New Mexico & Arizona, Nov. 2, 2012

November 17th, 2012 | Posted by Steve in Arizona | Memorials | New Mexico | Parks | United States of America

We stayed in Gallup overnight & got out of the motel early in the morning.  We were headed for the Biste Wilderness in Northwestern New Mexico.  The day dawned overcast and this was quite a surprise.  I had been on the road since Oct. 8 with beautiful American Southwest weather, hardly a cloud in the sky, and very few if any days over 80 degrees F.

We headed north then east from Gallup.  There was no direct route and the route I chose took longer than anticipated.  We headed north on 491 to just beyond Twin Lakes, east some 40 miles on Route 9 to Crownpoint, then north on 371 about 45 miles to our turn off.  Biste is maybe 2 miles from Route 371.

All along the way we saw great landscapes filled with cap rock covered mesas, standing rocks, mushroom rocks, & balancing rocks.  Of course all were off road, behind fences, & some distance from the road!  It didn’t matter, the light was dull, the rocks unapproachable.

We finally reached Biste Wilderness about 10:30 am, long after any golden hour type light if there had been no clouds.  Way in the distance we could see the top half of Shiprock about 50 miles off (see one of my masthead photos for a Shiprock sunset in 2004).

The photo book I brought along suggested a GPS system once you get out of your car and into the rocks.  This is so you don’t get lost in them.  Once we got there I realized the suggestion was understated.  The strange wind and water formed rocks in this area form a giant maze.  The mud hills and hoodoos rise 15 or feet above you while the gulches and gullies fall the same distance or more.  They formations look like they come from another planet!

Fran was a little worried I would get lost so we stayed on the dirt road through the area and I made our few shots from near the road.  If you like these shots that’s great.  But, they pale when compared to the possibilities.  On foot deep inside the wilderness the rock forms are much more fantastic.  I’d like to say “You ain’t seen nothing yet!”, but I have nothing to back up that statement with.

These next few are the best of what I took plus two of Fran’s shots.  I can only hope the next time I visit I will have better material to share.

Fran’s shot of me snapping away.

Fran’s shot of the same area.

A horizontal.  Now a monochrome of the same.

Shiprock would be out of the frame to the right.  It peeks above the horizon here no higher than the mountains that show.

From Biste the Chaco Culture National Historic Park is maybe 15-20 miles as the crow flies, but no matter how hard we flap our arms we don’t fly.  Via road it is about 90 miles, some of it unpaved.  After estimating our time it also became an issue for another trip.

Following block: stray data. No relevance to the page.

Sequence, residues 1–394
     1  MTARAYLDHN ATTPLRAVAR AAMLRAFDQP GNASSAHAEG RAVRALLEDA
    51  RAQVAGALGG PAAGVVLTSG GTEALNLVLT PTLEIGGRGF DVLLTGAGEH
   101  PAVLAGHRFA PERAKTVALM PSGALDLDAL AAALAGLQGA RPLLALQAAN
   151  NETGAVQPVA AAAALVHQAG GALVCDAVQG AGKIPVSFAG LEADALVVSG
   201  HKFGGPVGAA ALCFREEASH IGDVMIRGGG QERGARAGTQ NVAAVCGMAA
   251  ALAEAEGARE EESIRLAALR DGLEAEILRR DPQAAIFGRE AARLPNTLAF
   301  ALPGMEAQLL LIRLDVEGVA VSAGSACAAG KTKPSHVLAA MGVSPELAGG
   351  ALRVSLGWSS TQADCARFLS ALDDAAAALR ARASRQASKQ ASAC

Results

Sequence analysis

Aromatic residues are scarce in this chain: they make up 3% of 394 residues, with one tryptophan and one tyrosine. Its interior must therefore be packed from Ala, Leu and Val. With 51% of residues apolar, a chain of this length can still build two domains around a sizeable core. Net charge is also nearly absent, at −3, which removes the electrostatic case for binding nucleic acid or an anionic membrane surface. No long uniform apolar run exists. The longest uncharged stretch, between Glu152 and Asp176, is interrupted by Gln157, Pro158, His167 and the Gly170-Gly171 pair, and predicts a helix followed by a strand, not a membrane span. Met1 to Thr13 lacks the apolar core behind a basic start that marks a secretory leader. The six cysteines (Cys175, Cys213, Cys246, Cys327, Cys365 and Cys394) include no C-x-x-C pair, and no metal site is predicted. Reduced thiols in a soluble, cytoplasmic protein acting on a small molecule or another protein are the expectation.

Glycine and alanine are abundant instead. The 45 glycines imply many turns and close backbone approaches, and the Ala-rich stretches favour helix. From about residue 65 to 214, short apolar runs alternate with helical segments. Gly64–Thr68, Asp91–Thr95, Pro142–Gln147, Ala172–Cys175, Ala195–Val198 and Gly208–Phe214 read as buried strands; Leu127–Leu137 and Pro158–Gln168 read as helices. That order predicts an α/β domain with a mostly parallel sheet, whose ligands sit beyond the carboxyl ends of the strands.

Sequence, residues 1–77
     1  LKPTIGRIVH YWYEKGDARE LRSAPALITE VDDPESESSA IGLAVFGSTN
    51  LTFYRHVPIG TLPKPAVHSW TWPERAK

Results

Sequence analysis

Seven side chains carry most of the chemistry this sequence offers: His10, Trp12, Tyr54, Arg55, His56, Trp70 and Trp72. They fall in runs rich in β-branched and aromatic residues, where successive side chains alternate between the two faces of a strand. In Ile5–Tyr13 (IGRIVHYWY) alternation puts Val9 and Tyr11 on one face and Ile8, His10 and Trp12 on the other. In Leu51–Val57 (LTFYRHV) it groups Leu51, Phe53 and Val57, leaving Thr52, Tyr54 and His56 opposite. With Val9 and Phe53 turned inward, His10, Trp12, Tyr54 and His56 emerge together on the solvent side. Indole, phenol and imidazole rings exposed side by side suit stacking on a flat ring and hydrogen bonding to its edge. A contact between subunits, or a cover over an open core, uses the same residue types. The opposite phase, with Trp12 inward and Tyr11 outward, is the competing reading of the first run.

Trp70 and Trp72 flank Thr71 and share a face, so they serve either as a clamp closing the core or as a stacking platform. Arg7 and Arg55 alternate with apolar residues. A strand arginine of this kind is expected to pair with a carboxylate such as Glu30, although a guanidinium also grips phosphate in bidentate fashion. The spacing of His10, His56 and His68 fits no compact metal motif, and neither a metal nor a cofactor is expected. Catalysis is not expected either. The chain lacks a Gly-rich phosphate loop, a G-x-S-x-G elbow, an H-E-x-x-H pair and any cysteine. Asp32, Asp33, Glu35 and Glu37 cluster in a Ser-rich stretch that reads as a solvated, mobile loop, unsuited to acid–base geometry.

Instead we headed for Window Rock, the seat of the Navajo Tribal government, some 125 miles off.  We got there mid afternoon, and it was still overcast.

Window Rock itself is a large natural red sandstone arch and quite spectacular.  Its name in the Diné or Navajo language is Tségháhoodzání, which means “the rock with hole through it.”  Anglicized it becomes Window Rock.

Immediately in front of the rock is Window Rock Tribal Park.  I believe the Navajo authorities designed this park and built it with their funds.  That means they were able to use their design, use their symbology, and avoid any national government influence.  I thought of one of my readers, Joann, while shooting these.

The park is largely a memorial to the many Navajo who have served in the U.S. Armed forces.  All of these men, living or dead, are heroes of this country.  Near the rock is a statue memorializing the famous Navajo Code Talkers.  I shot this and some of the others during a few moments when the sun broke through the clouds.

Below the statue is the plaque.

On the ground spread out around the statue are some 400 bricks with the names of the Code Talkers.

Not too far away is another memorial.

And here is a photo of the arch in its natural environment.

 

After our visit to Window Rock we took Highway 12 south to I-40 to begin our long trip home.  We drove across Arizona to stop in Kingman long after dark.  The photo part of the trip was pretty much over except for one photo I had Fran shoot for me.  This is on a freeway overpass near the Twin Arrows Trading Post about 20 miles east of Flagstaff.  Flagstaff is among the mountains at the far left.

A high school acquaintance of mine, Dante, and his wife spent an early part of their career in Flagstaff so I got this one for them.  And of course a coincidence happened.  Later that night when I hooked up to the computer to send this single photo to Dante, he had just sent me an email telling me he finally had time to catch up on my recent posts.

 

Nothing more is sitting in the camera for immediate processing.  I may have something in December, but who knows.

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